Estonia Imposes New Restrictions on Narva-Russia Border Crossing

Estonia Imposes New Restrictions on Narva-Russia Border Crossing

In light of increasing tensions between Estonia and Russia, the Estonian government has introduced new restrictions on the Narva-Russia border crossing.

The move comes in response to Russia’s recent closure of the border to vehicle traffic, citing ongoing construction at the Ivangorod border crossing point.

Narva crossing hours adjusted

Since May 1, 2024, pedestrians can only cross the Narva border during the day, between 7:00 am and 11:00 pm.

This change follows Russia’s decision in February 2024 to close the border crossing to vehicle traffic, citing the need for construction works at the Ivangorod border crossing point.

The Estonian Police and Border Guard Board (PPA) has stated that the decision to restrict night-time pedestrian crossings at Narva is indefinite, as Russia has not provided a timeline for the completion of the construction works.

Impact on local residents and international travelers

While locals in Narva might not feel a big change from the new rules, travelers coming into or out of the European Union (EU) via Estonia might face more challenges.

Especially before holidays, there is usually heavy traffic at the border, and with Narva closing overnight, there could be longer lines and waits during busy travel times.

Some Narva residents expressed concern about the impact of the new restrictions. 

They noted that before the 11:00 pm shutdown, there could be big lines forming, possibly leaving travelers stranded on the bridge between Estonia and Russia until morning.

However, the PPA has assured everyone that nobody will be left on the bridge after closing time. They will make sure everyone still in line gets through and into Estonia.

Estonia discourages travel to Russia

Amid the ongoing tensions, the Estonian authorities have repeatedly advised against traveling to Russia.

Marek Liiva, head of the Narva border crossing, reiterated this advice, mentioning that the PPA does not recommend traveling to Russia at this time.

This advisory comes in the wake of Russia’s actions, such as closing the border to vehicle traffic and restricting pedestrian crossings, which have added uncertainty and inconvenience for those seeking to cross the border.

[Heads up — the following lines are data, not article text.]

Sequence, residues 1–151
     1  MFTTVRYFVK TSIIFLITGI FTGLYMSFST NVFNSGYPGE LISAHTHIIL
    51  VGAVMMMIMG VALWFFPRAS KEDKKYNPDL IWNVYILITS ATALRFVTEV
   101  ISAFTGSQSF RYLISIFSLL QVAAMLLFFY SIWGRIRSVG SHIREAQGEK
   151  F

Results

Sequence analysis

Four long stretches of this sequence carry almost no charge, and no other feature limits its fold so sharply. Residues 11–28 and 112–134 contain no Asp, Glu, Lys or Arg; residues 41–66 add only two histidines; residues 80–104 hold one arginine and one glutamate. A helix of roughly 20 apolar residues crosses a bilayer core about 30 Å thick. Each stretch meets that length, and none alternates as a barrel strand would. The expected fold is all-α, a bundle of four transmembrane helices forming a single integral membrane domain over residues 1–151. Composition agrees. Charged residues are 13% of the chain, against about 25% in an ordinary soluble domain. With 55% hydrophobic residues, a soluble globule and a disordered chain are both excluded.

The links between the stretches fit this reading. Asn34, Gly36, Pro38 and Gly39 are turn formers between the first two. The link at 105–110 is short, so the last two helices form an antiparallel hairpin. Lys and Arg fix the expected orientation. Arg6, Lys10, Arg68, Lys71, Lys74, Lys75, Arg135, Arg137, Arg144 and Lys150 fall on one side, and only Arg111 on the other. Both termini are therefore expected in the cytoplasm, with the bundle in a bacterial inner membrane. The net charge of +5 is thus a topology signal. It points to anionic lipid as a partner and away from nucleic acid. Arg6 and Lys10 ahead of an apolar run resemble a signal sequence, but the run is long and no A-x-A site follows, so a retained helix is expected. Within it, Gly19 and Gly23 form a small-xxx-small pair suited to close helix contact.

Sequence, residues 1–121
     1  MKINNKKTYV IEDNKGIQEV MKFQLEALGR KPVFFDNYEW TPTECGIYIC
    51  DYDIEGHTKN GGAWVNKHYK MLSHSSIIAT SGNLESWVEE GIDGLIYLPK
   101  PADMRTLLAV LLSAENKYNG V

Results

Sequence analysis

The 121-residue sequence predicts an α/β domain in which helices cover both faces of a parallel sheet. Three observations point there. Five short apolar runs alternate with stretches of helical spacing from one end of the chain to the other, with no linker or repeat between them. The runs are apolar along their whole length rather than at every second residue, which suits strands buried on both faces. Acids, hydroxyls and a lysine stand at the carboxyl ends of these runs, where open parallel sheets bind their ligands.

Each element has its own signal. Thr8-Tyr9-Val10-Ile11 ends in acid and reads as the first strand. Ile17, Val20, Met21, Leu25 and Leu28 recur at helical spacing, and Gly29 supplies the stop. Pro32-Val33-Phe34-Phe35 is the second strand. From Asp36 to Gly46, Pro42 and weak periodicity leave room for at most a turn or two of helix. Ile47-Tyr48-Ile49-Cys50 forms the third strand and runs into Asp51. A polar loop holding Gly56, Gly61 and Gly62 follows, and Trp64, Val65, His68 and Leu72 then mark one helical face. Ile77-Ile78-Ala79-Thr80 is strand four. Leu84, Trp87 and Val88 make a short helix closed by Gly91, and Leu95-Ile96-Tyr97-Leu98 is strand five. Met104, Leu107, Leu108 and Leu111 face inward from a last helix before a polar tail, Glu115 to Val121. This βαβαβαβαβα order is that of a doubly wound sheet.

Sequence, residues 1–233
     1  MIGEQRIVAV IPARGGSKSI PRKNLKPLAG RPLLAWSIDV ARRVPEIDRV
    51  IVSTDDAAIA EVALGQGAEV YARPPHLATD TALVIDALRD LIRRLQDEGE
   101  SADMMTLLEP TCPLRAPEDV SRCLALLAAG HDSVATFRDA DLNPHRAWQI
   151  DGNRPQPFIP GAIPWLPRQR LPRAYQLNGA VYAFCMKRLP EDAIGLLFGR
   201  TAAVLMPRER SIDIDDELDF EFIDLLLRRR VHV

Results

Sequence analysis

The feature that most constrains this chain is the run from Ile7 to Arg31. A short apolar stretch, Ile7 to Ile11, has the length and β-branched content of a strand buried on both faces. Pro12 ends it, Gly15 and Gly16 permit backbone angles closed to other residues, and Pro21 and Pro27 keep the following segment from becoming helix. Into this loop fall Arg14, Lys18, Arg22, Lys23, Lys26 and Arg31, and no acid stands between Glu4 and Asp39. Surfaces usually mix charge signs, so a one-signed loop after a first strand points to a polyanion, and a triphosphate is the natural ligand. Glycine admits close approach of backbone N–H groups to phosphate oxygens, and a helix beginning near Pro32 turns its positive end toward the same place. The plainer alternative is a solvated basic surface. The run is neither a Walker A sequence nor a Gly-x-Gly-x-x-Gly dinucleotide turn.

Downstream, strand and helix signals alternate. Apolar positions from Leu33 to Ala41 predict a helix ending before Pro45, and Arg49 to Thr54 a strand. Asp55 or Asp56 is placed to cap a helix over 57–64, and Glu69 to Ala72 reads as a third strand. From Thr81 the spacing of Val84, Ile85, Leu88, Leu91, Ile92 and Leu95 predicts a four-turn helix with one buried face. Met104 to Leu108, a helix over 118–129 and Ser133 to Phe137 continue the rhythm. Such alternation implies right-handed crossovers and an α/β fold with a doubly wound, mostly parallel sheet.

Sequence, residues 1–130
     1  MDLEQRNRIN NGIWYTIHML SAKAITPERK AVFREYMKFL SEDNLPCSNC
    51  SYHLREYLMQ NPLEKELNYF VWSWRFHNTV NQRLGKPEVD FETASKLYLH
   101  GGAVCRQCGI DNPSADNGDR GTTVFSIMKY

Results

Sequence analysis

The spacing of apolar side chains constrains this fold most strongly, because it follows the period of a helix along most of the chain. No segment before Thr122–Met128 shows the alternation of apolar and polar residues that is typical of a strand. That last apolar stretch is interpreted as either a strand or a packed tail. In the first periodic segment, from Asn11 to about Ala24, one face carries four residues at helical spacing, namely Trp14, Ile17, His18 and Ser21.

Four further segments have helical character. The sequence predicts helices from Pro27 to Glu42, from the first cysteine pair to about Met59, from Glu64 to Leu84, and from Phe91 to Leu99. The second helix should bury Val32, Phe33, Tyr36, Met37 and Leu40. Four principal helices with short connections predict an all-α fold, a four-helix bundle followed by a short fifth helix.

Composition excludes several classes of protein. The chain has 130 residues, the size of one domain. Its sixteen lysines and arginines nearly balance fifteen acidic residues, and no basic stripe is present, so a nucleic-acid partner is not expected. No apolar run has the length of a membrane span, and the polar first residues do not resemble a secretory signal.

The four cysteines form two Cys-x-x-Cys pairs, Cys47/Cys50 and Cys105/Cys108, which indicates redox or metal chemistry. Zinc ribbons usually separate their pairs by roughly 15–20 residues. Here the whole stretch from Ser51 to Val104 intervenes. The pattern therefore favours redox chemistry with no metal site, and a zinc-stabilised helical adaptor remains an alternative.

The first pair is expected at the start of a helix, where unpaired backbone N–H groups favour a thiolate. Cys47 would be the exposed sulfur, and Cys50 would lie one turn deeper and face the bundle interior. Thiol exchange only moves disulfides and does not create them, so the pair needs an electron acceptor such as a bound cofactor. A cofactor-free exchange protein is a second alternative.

Last December, the PPA started building barriers and setting up systems along the border to discourage travel to Russia.

Alternative border crossing options

Since the Narva-Ivangorod border crossing is shut down for vehicles, travelers can use the Koidula and Luhamaa border crossing points to drive between Estonia and Russia.

But Estonian authorities are worried that Russia might suddenly limit crossings at these other points too, making travel between the two countries even more complicated.

Balancing security and mobility

The Estonian government’s decision to limit border crossings with Russia shows that they are trying to balance national security with allowing people to move across borders.

If tensions with Russia continue, Estonia might rethink its immigration rules, possibly making it tougher for people from Russia and other countries to stay long-term.

The European Travel Information and Authorization System (ETIAS), designed to enhance security within the Schengen area, could play a pivotal role in shaping Estonia's approach to immigration from neighboring countries.

No end in sight

The new restrictions on the Narva-Russia border crossing highlight the ongoing tensions between Estonia and Russia, with both sides taking measures that impact cross-border travel.

While the Estonian authorities have sought to minimize disruptions for local residents and travelers, the situation remains fluid, and further changes cannot be ruled out as the diplomatic standoff continues.